Sunday 30 August 2020

500th Synapsida

Yes, it's been almost ten years since I started this blog and, while I don't do anniversary posts, since there are typically about 50 posts a year, this does happen to be my 500th post. Which is a fair few when you think about it. And, in general celebration of round numbers, that means it's time for another review of what's appeared in the last couple of years or so, and what might be coming next.

Even allowing for the series on Miocene animals, evolution has been one of the most common topics that I've written about in the last 100 posts, second only to animal behaviour. Which is hardly surprising, I suppose, given the number (and general popularity) of the posts I write about fossil species in general. Also common has been the perennial topic of reproduction, and there have been quite a few posts on animal communication and conservation as well.

Saturday 22 August 2020

The Case of the Missing Sengi

The rediscovery of a species of mammal thought "lost" for almost 50 years was a significant enough story this week to appear (briefly) on the front page of the BBC News website. I'm not sure how much further I can add to the BBC story in terms of detail, but perhaps I can put it into context, as well as providing it for those who may not have seen the original. So here goes.

To start with, what exactly is a sengi?

Sengis used to be (and often still are) called "elephant shrews". The term is falling out of favour because they aren't literally shrews, in the sense of belonging to the actual shrew family, although, as descriptive terms go, it's not a bad one. Since the late '90s most scientists, when they aren't using the more technical term "macroscelidean", instead use the Swahili name for the animal, which is also the one I'll stick with.

Saturday 15 August 2020

Small Cats: Small Spotted Cats of South America

Cats were, like many other groups of modern mammal, relatively late arrivals to South America. When the continent merged with its northern counterpart, at least four kinds of cat were among the animals that headed south into virgin territory. Three were relatively large (jaguars, pumas, and the now-extinct sabretooths) but, in terms of the number of species surviving today, it was the smallest one that left the most descendants. Finding plenty of space, and few other animals already there that were at all similar, this early cat rapidly diversified into multiple different species.

This ancestral immigrant probably looked something like its best-known descendant, the ocelot. We can say this because most of its other descendants, such as the margay, also look quite a lot like ocelots. Compared with other cats - including those others on the same continent - they are all missing a pair of chromosomes, incorporating the relevant genes elsewhere on their genomes. That karyotypic quirk backs up the physical evidence of the cats' appearances to confirm their close evolutionary relationship.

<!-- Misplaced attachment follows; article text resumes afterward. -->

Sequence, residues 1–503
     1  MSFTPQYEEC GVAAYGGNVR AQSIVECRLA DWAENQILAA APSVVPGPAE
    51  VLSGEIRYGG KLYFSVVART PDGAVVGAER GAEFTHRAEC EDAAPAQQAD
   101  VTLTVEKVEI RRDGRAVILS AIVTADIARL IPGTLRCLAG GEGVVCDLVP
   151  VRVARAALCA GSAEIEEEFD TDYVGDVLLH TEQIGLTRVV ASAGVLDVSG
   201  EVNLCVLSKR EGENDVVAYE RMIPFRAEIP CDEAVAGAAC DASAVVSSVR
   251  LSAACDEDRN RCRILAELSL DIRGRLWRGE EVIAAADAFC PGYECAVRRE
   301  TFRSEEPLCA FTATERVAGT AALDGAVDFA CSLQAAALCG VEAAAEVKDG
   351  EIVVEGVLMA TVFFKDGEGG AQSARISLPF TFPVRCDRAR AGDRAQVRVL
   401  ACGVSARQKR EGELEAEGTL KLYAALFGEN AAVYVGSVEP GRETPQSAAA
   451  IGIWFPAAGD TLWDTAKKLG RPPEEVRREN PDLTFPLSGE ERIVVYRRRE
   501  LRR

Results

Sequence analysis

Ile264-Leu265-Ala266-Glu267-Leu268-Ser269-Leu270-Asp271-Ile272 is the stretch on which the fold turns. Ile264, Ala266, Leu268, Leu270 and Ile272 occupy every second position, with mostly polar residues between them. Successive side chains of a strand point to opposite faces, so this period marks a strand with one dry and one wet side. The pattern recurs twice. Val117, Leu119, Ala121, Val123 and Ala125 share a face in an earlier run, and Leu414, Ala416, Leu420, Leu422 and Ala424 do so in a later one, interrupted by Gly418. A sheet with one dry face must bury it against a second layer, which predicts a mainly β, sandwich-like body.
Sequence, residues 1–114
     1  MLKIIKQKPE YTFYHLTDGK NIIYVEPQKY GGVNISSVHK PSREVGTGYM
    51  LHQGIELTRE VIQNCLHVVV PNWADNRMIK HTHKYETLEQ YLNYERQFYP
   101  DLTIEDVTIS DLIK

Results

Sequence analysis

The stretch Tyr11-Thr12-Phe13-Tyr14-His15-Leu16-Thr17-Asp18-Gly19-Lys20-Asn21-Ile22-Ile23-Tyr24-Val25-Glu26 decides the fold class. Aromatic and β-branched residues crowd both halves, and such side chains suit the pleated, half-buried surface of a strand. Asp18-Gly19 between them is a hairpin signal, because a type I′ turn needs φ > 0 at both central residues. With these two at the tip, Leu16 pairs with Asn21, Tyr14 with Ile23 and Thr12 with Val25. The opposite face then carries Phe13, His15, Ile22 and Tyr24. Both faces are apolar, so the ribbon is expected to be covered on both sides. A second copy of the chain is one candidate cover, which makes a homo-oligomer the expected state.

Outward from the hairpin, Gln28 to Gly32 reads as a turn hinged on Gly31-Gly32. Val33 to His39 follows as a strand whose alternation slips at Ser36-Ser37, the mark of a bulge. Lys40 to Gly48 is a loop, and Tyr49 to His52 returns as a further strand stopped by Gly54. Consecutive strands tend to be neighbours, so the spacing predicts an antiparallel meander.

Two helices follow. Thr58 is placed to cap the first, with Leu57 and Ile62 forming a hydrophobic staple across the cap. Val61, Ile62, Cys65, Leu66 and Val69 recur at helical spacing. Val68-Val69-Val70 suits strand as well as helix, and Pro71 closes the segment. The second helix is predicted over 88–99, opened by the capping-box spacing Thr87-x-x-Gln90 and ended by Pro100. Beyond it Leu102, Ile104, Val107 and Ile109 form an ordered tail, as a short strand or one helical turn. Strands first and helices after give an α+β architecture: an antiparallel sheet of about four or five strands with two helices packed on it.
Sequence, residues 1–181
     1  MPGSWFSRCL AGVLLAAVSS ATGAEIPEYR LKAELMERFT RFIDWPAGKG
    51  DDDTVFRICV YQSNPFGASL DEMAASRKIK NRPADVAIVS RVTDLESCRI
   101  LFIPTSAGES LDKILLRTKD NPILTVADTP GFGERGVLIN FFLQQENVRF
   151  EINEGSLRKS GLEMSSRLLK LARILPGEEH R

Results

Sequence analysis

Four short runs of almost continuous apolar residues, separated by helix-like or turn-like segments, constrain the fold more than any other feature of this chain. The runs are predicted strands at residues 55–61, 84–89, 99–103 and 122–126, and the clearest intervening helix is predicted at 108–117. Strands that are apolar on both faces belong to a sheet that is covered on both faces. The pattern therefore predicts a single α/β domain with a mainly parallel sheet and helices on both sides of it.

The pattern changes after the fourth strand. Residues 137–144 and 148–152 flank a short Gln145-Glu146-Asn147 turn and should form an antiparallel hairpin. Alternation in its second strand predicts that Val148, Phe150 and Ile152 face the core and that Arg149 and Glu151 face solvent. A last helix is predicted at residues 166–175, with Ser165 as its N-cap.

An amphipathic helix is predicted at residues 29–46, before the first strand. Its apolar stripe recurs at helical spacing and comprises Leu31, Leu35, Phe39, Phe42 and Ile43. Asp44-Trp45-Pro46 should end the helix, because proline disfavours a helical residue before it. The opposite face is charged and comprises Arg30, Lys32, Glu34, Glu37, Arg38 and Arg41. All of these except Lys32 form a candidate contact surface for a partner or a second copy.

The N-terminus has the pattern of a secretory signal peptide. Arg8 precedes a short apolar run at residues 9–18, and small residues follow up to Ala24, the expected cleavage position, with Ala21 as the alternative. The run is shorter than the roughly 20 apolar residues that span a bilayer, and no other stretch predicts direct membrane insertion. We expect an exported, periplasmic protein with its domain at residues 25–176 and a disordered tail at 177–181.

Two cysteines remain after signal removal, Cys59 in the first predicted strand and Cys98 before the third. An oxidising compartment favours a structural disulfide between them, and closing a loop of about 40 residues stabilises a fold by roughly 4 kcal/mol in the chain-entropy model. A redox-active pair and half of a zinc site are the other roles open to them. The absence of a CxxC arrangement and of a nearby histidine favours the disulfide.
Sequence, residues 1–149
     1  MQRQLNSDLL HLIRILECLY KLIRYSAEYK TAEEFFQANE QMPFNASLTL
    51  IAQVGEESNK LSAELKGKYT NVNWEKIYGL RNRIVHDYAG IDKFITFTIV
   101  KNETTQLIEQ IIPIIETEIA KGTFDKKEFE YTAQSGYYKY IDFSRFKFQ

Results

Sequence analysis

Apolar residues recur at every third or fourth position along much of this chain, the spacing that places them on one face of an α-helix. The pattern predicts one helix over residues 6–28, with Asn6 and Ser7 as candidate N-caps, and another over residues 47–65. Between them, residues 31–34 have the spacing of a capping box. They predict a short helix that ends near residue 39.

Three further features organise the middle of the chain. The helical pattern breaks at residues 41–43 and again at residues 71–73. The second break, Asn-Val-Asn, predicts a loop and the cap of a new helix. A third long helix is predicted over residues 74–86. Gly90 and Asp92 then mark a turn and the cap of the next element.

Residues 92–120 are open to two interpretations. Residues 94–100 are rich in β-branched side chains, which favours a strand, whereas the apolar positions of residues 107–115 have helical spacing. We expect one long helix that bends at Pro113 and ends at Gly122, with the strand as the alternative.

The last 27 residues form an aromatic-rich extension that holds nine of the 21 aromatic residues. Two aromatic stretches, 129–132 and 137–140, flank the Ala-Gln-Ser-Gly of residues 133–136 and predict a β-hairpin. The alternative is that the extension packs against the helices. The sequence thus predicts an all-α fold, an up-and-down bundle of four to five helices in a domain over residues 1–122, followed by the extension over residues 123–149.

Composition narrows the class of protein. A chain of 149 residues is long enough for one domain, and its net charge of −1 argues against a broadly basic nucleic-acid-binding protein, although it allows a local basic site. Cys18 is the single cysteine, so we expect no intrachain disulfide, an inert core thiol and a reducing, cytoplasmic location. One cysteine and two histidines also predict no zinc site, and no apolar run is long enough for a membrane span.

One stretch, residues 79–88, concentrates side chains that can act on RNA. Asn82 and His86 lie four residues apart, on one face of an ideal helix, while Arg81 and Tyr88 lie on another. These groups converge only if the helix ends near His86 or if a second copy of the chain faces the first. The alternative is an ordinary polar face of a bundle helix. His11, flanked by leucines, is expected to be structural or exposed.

Sunday 9 August 2020

Miocene (Pt 21): Mongooses and More

A modern mongoose
When Africa, moving north, collided with Asia around 19 million years ago, a number of hoofed animals, and other large herbivores, headed south to colonise the continent. Naturally, where herbivores go, predators follow, so an influx of carnivorous animals occurred at around the same time.

Until this time, Africa had been an island continent, separated from the larger northern landmasses and lacked many of the kinds of carnivore we are familiar with today. It had, for example, no cats, dogs, or bears, or even such quintessentially "African" animals as hyenas. All of these, and others besides, belong to the group of mammals known as "carnivorans", which essentially includes all large land-dwelling mammalian carnivores today, apart from the Tasmanian devil. They had evolved in the north, and the new land bridge gave them their first chance to reach the more southerly continent.

Sunday 2 August 2020

Were 'Cave Lions' Really Lions?

A theme that crops up on this blog every now and then is that some animal that many people probably assume is a single species is actually two or more. There are, for example, three species of zebra, three jackals, and seven different kinds of musk deer. The lion (Panthera leo) is not one of these animals; there really is only one species alive today - and it's been around for a long, long time.

I remember a few years ago, at London Zoo, I happened to be passing the lion enclosure when one of the keepers was giving a talk. The lions at the zoo were obtained from the Gir Forest in Gujarat, India, rather than being the African sort. The keeper repeatedly referred to "this species" of lion when, for example, he was indicating how much more endangered the Indian population is than the African one.